TRPA change is too little, much too late |

TRPA change is too little, much too late

Finally M.K. Desai and his family can leave town. No, they haven’t been detained by local law enforcement. They have been forced to stay in town by bad Tahoe Regional Planning Agency policy.

For a number of years, the Desais have been trying to sell their Cedarwood Lodge and move to the Bay Area. But despite the fact he had buyers, Desai couldn’t sell.

The small motel, which is wedged into a commercial section of Highway 50 next to the Taco Bell, had long since lost its viability. The location may have been okay when the Desais bought the property 12 years ago, but the site is squeezed between a fast-food restaurant, a bagel shop and an auto repair shop – hardly the kind of accommodations tourists envision when they consider a trip to Lake Tahoe.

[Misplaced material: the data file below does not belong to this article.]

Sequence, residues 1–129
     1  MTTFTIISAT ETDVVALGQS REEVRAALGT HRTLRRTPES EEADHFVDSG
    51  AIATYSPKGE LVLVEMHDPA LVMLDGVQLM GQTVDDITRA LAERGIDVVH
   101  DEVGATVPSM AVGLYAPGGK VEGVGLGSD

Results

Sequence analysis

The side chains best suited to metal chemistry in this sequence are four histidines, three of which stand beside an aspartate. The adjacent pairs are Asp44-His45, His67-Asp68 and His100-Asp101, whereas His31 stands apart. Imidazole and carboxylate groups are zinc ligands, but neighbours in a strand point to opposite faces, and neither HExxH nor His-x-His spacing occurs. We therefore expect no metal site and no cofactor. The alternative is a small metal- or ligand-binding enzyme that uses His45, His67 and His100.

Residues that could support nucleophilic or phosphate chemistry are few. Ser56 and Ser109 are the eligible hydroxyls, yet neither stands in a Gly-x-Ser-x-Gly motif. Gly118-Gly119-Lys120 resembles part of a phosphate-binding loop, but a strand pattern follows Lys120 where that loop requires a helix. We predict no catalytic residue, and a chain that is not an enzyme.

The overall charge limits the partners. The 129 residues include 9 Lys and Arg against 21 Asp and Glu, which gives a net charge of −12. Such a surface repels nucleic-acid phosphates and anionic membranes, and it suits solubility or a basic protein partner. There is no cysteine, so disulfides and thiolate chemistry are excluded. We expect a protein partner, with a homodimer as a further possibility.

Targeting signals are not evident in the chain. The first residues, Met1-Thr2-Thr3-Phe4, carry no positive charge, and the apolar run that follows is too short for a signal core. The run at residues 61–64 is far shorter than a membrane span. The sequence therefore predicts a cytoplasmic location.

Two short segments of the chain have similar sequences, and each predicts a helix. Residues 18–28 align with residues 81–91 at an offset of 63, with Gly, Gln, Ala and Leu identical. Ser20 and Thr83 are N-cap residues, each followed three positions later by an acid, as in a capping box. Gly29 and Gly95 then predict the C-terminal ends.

No matter. Neighboring Taco Bell wanted to buy Desai out and expand its business. That’s when the TRPA said no.

Under TRPA policy, if Taco Bell bought the property, a significant amount of the site could not have been developed and would have been designated as green space.

That’s because under prior TRPA regulations, a motel could only be a motel.

Fortunately, many years and many battles later, the TRPA has agreed to change its policy. Desai can now convert his lodging property from tourist accommodation units into commercial floor area. That allows Desai to sell some of the value of his commercial units to another entity require more commercial units to get its project approved. Office Depot snatched up the units, allowing that corporation to get necessary number for its proposed project at the old Wallace Theater.

Everybody’s happy, right?

No exactly.

While TRPA should be credited with finally changing its regulation requiring motel owners to sell only to other motel owners, the decision was far too long in the making. These are the kinds of regulations that keep small-business owners in the horrible Catch-22 called the TRPA.

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